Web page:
Getting A Feel For History Wearing Period Armor On The Battlefield

Getting a feel for history wearing period armor on the battlefield

SEKIGAHARA, Gifu Prefecture--The historic town of Sekigahara is basking in rediscovered glory, courtesy of out-of-towners eager to roam a medieval battlefield outfitted in samurai armor.

To get the most of their visit to the site of a decisive battle fought here in 1600, tourists can arrange to rent replica "kacchu" armor that gave warriors of old their fearsome look.

The sudden craze for donning kacchu in Sekigahara was unexpected. As word of its popularity spreads, more visitors are using costume rental services or turning up in armor they made themselves.

Invariably, visitors shun the traditional heavy armor that offered protection against spear and sword thrusts, opting instead for lightweight plastic or fabric attire provided by the Sasaoyama Exchange Center that allows for easier maneuverability.

The Battle of Sekigahara changed the course of Japanese history and is widely regarded as having ushered in the Tokugawa Shogunate (1603-1867).

Dressed as an "ashigaru" foot soldier, Nagoya fitness instructor Chika Arai, 39, felt at one with a warrior who fought for the feudal warlord Ishida Mitsunari as she gazed over the town of Sekigahara from Mount Sasaoyama, where the ruins of his fortress stand.

"I always wanted to don kacchu if I were to go to Sekigahara," she said.

According to the city’s tourism association, 44 visitors rented free costumes, nine times more than normal, on Sept. 15, when the service was offered free in tribute to the 417th anniversary of the battle.

The number of rental service users rose to 889 in 2016 from 615 in 2015, and the figure is expected to increase further this year in light of the August release of the film "Sekigahara," which recounts the six-hour battle that brought an end to the Warring States era.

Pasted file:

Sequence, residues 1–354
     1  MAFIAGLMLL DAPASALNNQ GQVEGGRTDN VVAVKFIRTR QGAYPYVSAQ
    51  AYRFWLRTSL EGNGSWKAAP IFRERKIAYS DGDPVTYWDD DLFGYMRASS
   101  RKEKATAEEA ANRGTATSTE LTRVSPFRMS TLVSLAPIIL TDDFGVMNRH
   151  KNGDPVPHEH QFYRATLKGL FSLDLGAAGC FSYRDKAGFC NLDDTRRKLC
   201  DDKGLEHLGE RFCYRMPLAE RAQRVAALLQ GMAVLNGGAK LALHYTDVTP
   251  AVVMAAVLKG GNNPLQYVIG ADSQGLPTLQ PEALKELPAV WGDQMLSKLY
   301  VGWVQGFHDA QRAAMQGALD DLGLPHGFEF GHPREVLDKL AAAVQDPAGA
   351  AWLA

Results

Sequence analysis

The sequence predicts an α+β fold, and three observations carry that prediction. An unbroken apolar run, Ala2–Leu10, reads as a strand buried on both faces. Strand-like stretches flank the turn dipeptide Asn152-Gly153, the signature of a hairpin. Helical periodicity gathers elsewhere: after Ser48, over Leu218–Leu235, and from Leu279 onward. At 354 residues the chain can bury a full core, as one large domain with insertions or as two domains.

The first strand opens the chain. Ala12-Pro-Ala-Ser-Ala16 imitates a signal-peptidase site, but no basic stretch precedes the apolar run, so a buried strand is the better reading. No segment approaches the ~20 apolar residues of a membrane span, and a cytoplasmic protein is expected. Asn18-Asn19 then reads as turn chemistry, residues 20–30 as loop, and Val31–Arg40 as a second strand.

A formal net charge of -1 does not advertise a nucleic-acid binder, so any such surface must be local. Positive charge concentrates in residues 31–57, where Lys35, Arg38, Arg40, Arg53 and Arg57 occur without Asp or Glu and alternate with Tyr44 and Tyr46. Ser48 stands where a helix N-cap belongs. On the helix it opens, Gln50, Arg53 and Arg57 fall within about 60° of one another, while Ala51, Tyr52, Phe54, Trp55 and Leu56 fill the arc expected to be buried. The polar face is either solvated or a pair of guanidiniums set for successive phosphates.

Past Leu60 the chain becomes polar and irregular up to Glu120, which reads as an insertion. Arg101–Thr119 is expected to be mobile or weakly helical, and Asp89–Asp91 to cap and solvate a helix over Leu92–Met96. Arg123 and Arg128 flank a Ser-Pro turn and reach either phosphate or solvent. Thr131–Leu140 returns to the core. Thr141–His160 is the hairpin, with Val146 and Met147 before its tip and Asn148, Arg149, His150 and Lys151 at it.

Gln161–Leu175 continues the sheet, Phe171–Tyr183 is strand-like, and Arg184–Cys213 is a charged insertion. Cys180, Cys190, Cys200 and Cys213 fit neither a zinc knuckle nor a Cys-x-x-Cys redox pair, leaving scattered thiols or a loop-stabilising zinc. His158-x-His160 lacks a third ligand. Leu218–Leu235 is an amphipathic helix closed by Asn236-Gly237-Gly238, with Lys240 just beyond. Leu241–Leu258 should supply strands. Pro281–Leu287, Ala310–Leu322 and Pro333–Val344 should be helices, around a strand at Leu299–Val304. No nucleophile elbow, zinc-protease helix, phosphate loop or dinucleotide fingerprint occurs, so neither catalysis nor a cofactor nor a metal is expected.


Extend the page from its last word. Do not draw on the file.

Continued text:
An event held each September to commemorate the Battle of Sekigahara offers visitors the chance to take part in a re-enactment of the famous conflict decked out as armor-clad samurai warlords.

This year, the annual "Sekigahara Kassen Emaki" event was flooded with applications for tickets allocated to the public, although organizers said that members of a local youth association were asked to make up numbers about 10 years ago due to insufficient interest.

The executive committee said it received record 175 applications for the 125 spots.

The popularity of kacchu seems to reflect a growing number of period dramas set in the Warring States era aired by Japan Broadcasting Corp. (NHK) and satellite networks, as well as surging interest in old castles and swords, according to the Association for the Research and Preservation of Japanese Helmets and Armor based in Tokyo’s Shinjuku Ward.

Another reason may be the town's policy to allow visitors to potter around decked out in period costume, according to town officials.

While a number of tourism hotspots provide armor rental services, Sekigahara goes a step further since visitors can ride about on bicycles or enjoy a leisurely meal in kachhu.

"I think that gives them more leeway and offers more photo opportunities," said a regional development section official here.

Motoki Ota, 56, a civil servant from Nagoya, visits Sekigahara several times a month on his days off, wearing plastic armor he fashioned himself.

"I can’t get a feel for this period of Japanese history unless I go dressed up in kacchu," he said.

On occasion, a tourist decked out in period costume can get too caught up in the role. In early September, an incident came to light in which a man wearing self-made armor pointed a fake sword at a visitor to Mount Sasaoyama. The man later called the town’s tourism association to apologize.

"We hope that visitors will be well-behaved so that everybody enjoys themselves," said a tourism official.